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STUNTS, STARS & LEGENDS - March 2013

Stunts Stars And Legends: Hal Needham
Artwork and articles by John Hagner (Artist of the Stars)

Hal Needham was born in Memphis, Tennessee. He was the son of Edith May and Howard Needham ... raised in Arkansas and Missouri. Needham was a paratrooper during the Korean War. He worked as a treetopper and was a billboad model for Viceroy Cigarettes while starting his career in Hollywood as a stuntman.

Needham’s first job was as a stunt double for Richard Boone on the TV western series, “Have Gun, Will Travel”.

Stunt double for 30 years for John Wayne, Chuck Roberson was involved in helping Hal in training in the 1960s and he became one of the leading stuntmen on such films as “How the West Was Won”, “McLintock”, “The War Lord”, and “Little Big Man”. He became a close friend of Burt Reynolds and shortly thereafter, he moved into stunt coordinating and directing second unit action.

He also designed and introduced air bags and other stunt equipment very important to the movie industry.
Hal and fellow stuntmen Glenn Wilder and Ronnie Rondell in 1971 formed “Stunts Unlimited”. Needham wrote a screenplay called “Smokey and the Bandit”. The movie was a big success, as well as two others that followed ... “Hooper”, “The Cannonball Run”, and “Megaforce”.

He moved out of stunt work, focusing on the “World Land Speed Record”. He received a “Lifetime Achievement Award” from the “Taurus World Stunt Awards” in 2012 and was awarded a “Governors Award” by the Academy of Motion Picture Arts and Sciences, as well as a longtime Honored Inductee in the Hollywood Stuntmen’s Hall of Fame.


Movies Made in Moab

FADE IN (1967)
“Iron cowboy” was the alternate title for “Fade In” in 1967 when it was released on video. It never showed in American theaters. It starred Loden. She portrays a film worker from Hollywood that comes to Moab with a film production company. She falls in love with a local rancher (Burt Reynolds). Many of the businesses and structures in town were shown as on-screen settings. The old Holiday Theater is where the Wells Fargo Bank is now located.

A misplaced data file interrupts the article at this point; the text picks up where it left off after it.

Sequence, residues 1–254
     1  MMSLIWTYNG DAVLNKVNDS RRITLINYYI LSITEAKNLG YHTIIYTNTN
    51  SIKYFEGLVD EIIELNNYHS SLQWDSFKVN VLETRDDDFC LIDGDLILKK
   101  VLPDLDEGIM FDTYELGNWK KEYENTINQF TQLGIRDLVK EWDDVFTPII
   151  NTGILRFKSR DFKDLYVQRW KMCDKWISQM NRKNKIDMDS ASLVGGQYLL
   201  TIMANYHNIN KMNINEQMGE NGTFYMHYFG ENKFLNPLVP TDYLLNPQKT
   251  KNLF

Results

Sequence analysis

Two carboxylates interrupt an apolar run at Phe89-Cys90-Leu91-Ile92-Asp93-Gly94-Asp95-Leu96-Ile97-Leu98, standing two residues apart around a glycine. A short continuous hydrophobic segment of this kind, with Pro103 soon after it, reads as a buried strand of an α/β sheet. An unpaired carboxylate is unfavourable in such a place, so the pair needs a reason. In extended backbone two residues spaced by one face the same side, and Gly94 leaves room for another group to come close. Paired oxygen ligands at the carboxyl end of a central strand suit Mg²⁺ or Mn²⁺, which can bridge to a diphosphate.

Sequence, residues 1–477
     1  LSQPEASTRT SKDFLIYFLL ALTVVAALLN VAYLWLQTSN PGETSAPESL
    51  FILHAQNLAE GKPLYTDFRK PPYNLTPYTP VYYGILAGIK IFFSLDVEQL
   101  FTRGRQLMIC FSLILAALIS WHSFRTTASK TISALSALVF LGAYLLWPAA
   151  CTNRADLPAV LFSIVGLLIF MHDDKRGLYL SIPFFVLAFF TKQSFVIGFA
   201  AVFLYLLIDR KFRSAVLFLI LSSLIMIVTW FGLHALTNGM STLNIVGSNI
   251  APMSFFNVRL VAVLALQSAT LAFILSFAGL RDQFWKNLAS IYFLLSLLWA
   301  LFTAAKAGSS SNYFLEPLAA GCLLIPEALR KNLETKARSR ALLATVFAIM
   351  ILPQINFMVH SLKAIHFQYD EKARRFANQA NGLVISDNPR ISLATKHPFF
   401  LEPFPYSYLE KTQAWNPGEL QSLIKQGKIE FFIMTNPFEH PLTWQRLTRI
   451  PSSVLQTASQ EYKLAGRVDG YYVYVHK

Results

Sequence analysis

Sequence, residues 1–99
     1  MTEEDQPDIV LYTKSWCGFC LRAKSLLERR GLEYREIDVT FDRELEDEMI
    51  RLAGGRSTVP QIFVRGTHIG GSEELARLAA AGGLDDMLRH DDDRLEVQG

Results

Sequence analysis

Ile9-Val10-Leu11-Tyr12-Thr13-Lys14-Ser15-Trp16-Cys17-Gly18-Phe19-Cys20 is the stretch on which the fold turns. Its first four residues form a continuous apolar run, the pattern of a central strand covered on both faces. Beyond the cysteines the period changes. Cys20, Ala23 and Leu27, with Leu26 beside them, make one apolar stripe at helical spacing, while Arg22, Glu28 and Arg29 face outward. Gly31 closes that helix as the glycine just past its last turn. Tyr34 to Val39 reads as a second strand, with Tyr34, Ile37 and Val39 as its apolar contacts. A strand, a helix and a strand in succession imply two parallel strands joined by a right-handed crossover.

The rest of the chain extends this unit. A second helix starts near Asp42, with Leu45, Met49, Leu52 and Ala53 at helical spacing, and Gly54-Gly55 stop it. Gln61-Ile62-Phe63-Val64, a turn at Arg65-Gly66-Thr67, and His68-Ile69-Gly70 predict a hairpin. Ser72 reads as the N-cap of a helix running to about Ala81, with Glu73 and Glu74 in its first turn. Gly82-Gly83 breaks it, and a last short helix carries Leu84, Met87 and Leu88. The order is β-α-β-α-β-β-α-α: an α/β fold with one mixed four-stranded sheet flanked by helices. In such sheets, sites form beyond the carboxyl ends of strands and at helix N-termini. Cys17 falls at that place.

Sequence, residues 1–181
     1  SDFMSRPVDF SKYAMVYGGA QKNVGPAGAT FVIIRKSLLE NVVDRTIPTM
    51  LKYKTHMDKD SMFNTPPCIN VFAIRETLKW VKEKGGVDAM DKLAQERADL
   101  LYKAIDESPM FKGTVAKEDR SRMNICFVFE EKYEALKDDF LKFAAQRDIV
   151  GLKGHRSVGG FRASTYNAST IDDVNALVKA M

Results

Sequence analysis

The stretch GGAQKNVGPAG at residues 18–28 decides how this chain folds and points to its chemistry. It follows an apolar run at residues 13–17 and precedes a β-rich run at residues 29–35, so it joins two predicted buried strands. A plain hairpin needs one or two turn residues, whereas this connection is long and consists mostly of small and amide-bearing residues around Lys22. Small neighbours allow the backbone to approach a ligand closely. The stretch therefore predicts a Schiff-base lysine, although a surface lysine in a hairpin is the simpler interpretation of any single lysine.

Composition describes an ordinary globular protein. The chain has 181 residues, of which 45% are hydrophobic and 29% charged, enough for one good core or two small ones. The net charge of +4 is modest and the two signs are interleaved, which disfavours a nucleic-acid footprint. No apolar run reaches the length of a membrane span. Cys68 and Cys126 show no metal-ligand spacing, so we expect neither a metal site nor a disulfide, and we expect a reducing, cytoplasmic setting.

Stunt-coordinator Stan Barrett doubled for Burt Reynolds and Dick Butler also did the action.

In 1975, Burt Reynolds was footprinted in cement to commemorate the first of many such ceremonies. His close friend and famous stuntman Hal Needham also was present, along with Lee Majors of television’s action series, “The Fall Guy” and “Six Million Dollar Man came as well as actor Dale Robertson. They and 28 other famous personalities of the entertainment industry were honored at this ceremony held in Palmdale, California. Burt and many of the others present also donated some of their personal memorabilia to the Hollywood Stuntmen’s Hall of Fame.

Location was in and around Moab and Castle Valley.

EASY RIDER (1969)
Starring Peter Fonda, Dennis Hopper and Terry Southern.

Produced by Peter Fonda and directed by Dennis Hopper. They travel through the Southwest. This film was included to the Library of Congress National Registry in 1998. It explores the social landscape, issues and tensions in the United States during the 1960s, including the rise and fall of the hippie movement, drug use, and communal lifestyle. The movie is famous for its use of real drugs in its portrayal of marijuana and other substances.

After smuggling cocaine from Mexico to Los Angeles Wyatt and Billy sell their contraband to “Connection,” a man (played by Phil Spector) in a Rolls-Royce and score a large sum of money. With the money from the sale stuffed into a plastic tube hidden inside the Stars and Stripes adorned fuel tank of Wyatt’s California-style chopper, they ride eastward in an attempt to reach New Orleans, Louisiana, in time for Mardi Gras.

 

If interested in learning more about the Hall of Fame, please contact John Hagner (Founder) at 435 260-2160.
email: johnhagner@hotmail.com
Hall of Fame website: www.stuntmen.org

John Hagner (Founder) is also the Artist of the Stars.
His Celebrity Portrait Drawings are available at telephone 435-259-7000,
Mailing address: 50 W. 400 N, Moab, Utah 84532.
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